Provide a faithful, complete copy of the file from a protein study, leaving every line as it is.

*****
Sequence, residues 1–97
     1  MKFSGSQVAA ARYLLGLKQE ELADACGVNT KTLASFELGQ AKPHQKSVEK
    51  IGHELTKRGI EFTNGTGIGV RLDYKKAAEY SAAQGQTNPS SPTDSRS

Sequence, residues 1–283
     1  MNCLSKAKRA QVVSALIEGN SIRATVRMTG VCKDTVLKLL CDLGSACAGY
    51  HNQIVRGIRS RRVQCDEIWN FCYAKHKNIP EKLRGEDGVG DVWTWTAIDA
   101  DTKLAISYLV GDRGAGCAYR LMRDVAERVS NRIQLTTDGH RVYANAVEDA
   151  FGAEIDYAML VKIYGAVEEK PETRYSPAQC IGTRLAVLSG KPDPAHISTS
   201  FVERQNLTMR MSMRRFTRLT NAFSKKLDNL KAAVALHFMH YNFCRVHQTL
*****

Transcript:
Sequence, residues 1–97
     1  MKFSGSQVAA ARYLLGLKQE ELADACGVNT KTLASFELGQ AKPHQKSVEK
    51  IGHELTKRGI EFTNGTGIGV RLDYKKAAEY SAAQGQTNPS SPTDSRS

Sequence, residues 1–283
     1  MNCLSKAKRA QVVSALIEGN SIRATVRMTG VCKDTVLKLL CDLGSACAGY
    51  HNQIVRGIRS RRVQCDEIWN FCYAKHKNIP EKLRGEDGVG DVWTWTAIDA
   101  DTKLAISYLV GDRGAGCAYR LMRDVAERVS NRIQLTTDGH RVYANAVEDA
   151  FGAEIDYAML VKIYGAVEEK PETRYSPAQC IGTRLAVLSG KPDPAHISTS
   201  FVERQNLTMR MSMRRFTRLT NAFSKKLDNL KAAVALHFMH YNFCRVHQTL